updated 7:00 PM UTC, Oct 22, 2014
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Woman Says Change In Diet Cured Daughter’s Autism

Woman Says Change In Diet Cured Daughter's Autism

( 4UMF NEWS ) Woman Says Change In Diet Cured Daughter’s Autism:

Katherine Reid, a Bay Area biochemist with a daughter who was autistic, believes she may have found an antidote to the neurodevelopment disorder – and it’s as simple as changing a person’s diet.

Well, actually, more like blowing it up.

Because there is no Food and Drug Administration-approved medical treatment for the core symptoms of autism, people have turned to homeopathic remedies, probiotics, invasive therapies and alternative diets.

It has become increasingly popular for parents of children with autism or attention-deficit/hyperactivity disorder to turn to gluten- and casein-free, or dairy-free, diets in hopes that it will make a difference.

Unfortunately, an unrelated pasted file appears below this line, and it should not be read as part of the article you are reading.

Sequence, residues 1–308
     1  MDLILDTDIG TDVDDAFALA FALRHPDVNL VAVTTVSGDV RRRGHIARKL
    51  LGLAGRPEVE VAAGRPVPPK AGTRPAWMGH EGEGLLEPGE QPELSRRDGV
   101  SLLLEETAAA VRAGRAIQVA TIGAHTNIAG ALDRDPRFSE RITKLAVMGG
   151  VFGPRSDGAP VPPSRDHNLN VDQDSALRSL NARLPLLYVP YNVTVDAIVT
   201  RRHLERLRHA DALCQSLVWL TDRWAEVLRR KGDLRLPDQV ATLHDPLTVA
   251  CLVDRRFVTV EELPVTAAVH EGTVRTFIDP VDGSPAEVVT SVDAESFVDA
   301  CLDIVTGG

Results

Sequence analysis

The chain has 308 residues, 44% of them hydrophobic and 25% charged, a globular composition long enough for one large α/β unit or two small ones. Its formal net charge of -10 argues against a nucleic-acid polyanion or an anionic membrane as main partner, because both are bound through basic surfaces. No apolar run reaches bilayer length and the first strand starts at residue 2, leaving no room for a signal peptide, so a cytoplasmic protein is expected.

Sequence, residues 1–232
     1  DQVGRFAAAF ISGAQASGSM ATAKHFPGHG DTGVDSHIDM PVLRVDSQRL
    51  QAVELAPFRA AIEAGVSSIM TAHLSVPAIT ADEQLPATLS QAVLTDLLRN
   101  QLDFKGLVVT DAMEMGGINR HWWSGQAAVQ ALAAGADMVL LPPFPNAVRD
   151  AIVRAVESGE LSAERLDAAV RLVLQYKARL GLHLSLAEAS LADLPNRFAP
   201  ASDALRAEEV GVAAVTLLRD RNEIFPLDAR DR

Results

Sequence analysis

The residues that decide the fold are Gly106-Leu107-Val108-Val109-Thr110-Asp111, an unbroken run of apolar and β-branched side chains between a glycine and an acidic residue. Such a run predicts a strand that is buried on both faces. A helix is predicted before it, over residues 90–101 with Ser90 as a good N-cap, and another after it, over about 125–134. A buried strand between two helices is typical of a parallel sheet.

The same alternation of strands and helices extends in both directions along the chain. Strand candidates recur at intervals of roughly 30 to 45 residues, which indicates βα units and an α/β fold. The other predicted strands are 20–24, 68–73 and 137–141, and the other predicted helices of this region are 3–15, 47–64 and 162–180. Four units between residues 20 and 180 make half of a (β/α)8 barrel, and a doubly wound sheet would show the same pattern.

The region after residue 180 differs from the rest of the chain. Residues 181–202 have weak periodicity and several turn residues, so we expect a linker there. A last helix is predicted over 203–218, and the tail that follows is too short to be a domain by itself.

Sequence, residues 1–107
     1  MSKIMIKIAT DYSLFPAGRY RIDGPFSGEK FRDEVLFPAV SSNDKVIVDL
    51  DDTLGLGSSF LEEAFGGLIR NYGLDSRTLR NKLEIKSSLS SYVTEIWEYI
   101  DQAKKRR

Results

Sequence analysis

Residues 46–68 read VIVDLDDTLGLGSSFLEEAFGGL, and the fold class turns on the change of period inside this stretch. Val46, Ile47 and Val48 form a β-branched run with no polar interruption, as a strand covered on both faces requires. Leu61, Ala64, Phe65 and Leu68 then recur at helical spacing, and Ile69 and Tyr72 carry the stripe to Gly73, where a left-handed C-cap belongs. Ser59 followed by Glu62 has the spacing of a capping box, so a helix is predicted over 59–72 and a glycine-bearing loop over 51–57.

But Reid’s diet is different. She thinks what it comes down to, at least for some people with autism, is permanently eliminating just a single chemical compound known as monosodium glutamate, or MSG – an ingredient many people associate with Chinese food.

Actually, Reid said, the chemical is in nearly every processed food imaginable, but it only appears on food labels as MSG about 1 percent of the time. Instead, MSG is sometimes labeled as flavor or flavoring, soy protein, barley malt, pectin, corn starch or yeast extract, Reid said.

“We’re getting an abundance of MSG,” she said. “It’s in 95 percent of processed food. And we don’t need it in our diet – ever.”